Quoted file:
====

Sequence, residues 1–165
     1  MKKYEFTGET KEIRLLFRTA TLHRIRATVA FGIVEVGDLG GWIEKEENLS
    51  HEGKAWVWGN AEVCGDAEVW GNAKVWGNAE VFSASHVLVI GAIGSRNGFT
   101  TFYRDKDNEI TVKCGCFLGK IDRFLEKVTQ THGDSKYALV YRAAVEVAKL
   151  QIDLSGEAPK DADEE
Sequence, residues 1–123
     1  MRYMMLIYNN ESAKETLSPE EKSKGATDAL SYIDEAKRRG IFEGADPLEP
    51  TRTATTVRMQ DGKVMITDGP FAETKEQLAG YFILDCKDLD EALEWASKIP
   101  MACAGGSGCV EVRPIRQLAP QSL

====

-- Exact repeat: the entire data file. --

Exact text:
Sequence, residues 1–165
     1  MKKYEFTGET KEIRLLFRTA TLHRIRATVA FGIVEVGDLG GWIEKEENLS
    51  HEGKAWVWGN AEVCGDAEVW GNAKVWGNAE VFSASHVLVI GAIGSRNGFT
   101  TFYRDKDNEI TVKCGCFLGK IDRFLEKVTQ THGDSKYALV YRAAVEVAKL
   151  QIDLSGEAPK DADEE
Sequence, residues 1–123
     1  MRYMMLIYNN ESAKETLSPE EKSKGATDAL SYIDEAKRRG IFEGADPLEP
    51  TRTATTVRMQ DGKVMITDGP FAETKEQLAG YFILDCKDLD EALEWASKIP
   101  MACAGGSGCV EVRPIRQLAP QSL